I grew up on the shores of Lake Ontario fishing for smallmouth with my dad in from of Ginna Nuclear Power Plant and for largemouth in the bays from Irondequoit to Sodus. My dad moved to Florida in the late 80s, and I moved to the Finger Lakes. I enjoyed some of the finest fishing in the country while serving as the PR man for the Rochester Bassmasters, a club with 125 members at the time.
Eventually, I also ended up in Florida and spent a lot of time on Okeechobee before settling in the Tennessee Valley nearly 15 years ago. Now I live a mile from Tims Ford Lake (a very underrated fishery) and 50 minutes up and over the mountain from Goose Pond Colony on legendary Lake Guntersville.
It took me quite a while to adapt to these southern reservoirs, and it’s no coincidence that I have gravitated to the clear waters of Tims, it's a mixed bag of smallmouth and largemouth bass, and the grassy Guntersville that reminds me in many ways of the glacial waters of upstate New York. But I can assure you, stereotypes sure die hard.
My 79-year-old dad – the one who first put a pole in my hand, the one who taught me how to run a boat and a business – called me on my way to Champlain for the Bass Pro Shops Bassmaster Eastern Open last week. The conversation started like all of them, with him asking, “Where are you?”
“Headed to the homeland, dad.”
“No, pop, New York.”
“Fishin’ tournament on Champlain.”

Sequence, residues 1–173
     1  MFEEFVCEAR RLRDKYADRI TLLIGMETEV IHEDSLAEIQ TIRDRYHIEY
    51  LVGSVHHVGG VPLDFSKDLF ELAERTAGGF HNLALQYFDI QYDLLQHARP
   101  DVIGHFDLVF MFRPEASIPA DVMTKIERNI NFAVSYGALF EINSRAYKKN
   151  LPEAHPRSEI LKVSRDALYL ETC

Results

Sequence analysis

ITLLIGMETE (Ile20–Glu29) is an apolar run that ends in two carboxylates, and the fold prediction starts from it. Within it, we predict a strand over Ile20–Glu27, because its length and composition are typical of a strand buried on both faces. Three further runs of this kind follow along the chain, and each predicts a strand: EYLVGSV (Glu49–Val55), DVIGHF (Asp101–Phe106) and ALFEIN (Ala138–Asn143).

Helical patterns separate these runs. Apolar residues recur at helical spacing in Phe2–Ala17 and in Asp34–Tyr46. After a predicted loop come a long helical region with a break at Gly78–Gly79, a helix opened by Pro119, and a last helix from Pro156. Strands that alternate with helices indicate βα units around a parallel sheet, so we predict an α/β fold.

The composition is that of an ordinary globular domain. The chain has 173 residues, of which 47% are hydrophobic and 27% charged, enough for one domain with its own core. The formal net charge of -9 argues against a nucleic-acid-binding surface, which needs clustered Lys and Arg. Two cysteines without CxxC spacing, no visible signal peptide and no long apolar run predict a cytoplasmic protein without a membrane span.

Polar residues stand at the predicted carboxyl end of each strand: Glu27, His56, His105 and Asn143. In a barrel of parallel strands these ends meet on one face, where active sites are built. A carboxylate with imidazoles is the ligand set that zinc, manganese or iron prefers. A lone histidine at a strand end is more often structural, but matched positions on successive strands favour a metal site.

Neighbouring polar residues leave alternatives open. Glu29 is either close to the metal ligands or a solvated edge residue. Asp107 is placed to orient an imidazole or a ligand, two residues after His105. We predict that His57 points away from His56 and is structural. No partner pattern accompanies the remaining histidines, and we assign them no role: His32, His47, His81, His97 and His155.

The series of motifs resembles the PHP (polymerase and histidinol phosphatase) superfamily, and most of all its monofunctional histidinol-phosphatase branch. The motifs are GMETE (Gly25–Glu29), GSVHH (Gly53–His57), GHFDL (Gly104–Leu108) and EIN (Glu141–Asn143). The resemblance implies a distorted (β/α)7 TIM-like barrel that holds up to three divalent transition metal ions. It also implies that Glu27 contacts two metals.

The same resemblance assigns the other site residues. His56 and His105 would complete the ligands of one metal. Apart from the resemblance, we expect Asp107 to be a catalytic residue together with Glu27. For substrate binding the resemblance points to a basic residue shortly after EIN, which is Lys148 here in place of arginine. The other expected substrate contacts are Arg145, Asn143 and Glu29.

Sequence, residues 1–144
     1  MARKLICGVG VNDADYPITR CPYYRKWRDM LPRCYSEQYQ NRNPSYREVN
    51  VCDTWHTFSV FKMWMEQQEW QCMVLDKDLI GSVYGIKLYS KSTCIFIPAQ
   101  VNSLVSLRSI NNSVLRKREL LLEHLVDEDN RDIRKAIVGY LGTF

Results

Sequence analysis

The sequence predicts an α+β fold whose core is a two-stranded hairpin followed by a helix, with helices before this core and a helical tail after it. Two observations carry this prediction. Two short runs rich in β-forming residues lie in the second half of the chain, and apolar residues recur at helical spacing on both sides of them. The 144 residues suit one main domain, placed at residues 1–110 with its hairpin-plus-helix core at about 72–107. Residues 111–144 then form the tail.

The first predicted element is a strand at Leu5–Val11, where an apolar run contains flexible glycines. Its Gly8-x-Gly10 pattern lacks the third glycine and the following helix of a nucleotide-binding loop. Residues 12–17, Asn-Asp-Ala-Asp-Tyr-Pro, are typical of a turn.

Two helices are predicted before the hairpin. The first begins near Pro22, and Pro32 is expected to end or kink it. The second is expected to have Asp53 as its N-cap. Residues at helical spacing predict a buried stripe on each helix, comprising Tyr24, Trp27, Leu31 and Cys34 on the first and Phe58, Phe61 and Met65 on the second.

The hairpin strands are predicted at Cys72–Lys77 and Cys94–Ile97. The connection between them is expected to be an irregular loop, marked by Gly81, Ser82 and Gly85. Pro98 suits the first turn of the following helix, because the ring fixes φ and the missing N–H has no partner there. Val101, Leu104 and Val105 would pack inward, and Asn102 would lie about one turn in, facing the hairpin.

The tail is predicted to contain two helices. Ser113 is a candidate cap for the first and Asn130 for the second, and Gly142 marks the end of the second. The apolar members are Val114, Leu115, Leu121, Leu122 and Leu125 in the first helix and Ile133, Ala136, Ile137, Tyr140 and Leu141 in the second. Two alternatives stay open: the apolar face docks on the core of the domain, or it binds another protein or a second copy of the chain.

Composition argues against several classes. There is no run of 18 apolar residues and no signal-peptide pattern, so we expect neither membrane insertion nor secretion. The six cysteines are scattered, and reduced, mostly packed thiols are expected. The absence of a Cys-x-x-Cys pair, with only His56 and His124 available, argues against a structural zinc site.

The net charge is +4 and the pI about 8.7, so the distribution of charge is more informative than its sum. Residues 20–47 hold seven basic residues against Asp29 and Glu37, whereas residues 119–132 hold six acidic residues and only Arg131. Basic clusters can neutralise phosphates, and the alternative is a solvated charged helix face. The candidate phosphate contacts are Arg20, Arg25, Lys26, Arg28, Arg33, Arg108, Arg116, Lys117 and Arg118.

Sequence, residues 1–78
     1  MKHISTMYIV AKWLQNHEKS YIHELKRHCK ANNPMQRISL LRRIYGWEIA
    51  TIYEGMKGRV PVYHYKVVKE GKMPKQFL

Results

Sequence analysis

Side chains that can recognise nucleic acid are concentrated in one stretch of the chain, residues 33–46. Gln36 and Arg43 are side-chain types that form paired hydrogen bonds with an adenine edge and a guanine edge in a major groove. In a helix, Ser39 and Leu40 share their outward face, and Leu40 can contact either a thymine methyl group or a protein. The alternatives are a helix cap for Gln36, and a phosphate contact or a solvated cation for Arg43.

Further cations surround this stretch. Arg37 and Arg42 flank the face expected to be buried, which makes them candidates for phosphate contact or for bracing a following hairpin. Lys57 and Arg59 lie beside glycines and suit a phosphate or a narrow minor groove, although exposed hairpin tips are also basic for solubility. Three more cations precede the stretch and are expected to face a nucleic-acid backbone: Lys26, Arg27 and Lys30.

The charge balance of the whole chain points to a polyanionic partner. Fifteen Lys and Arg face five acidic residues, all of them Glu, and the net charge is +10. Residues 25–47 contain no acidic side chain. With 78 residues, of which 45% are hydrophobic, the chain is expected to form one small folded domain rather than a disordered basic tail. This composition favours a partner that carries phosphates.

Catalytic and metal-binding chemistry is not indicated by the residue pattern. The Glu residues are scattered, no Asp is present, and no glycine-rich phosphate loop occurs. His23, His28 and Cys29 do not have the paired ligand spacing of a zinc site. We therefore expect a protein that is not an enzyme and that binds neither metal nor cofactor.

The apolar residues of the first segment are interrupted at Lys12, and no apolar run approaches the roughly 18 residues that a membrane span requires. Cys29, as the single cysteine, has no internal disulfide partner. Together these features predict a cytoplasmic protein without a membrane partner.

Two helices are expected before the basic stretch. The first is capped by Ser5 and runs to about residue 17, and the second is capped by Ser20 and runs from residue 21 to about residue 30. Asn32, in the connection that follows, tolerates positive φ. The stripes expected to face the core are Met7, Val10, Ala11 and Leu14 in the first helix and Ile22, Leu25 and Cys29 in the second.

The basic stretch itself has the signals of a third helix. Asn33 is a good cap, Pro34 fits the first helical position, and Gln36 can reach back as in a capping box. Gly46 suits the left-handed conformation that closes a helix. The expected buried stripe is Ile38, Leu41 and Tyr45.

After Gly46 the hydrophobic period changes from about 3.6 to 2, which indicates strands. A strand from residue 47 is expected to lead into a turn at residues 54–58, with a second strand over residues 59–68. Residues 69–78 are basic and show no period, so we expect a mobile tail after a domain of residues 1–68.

“I seemed to remember that as a perch lake…do they have bass there?” he asks, totally serious. Now I'm flummoxed. This guy taught me how to fish, and I know he’s lived in Florida for 40 years now, but really? Champlain is a perch lake?
So I let him know that Champlain is a bucket list lake that is high on the Bassmaster Top 100 lakes list that is filled with both largemouth and smallmouth bass.
“So can you weigh in smallmouth or just largemouth?” he asks me.
Who is this guy, I’m thinking to myself.
Later in the day, I get a call from a good buddy of mine who was born and raised in North Alabama. He’s an avid fisherman, but the offshore saltwater type. He keeps a boat at his family's place in Destin, Fla., and gets down there when he can. He wants to know where I’m going. I tell him.
“New York? Bass fishing? They fish in New York? Like where, around the Statue of Liberty and stuff?”
“No, man! I’m not fishing in the Hudson River in New York City!”
Perceptions die hard.
I love living in the South, around some tremendous fisheries, and year-round fishing. And no, I don’t consider drilling a hole in the ice and dropping a maggot through it fishing. Not that there is anything wrong with that. But New York – from the Niagara and Lake Erie in the Buffalo area, to Chautauqua and the Finger Lakes, to Oneida, the St. Lawrence, Black Lake and the “Adirondack Coast” and all the small waters in between – is a great state to fish.
Vermont too! Don’t want to upset the fishing gods over there, in case I end up on the East Shore.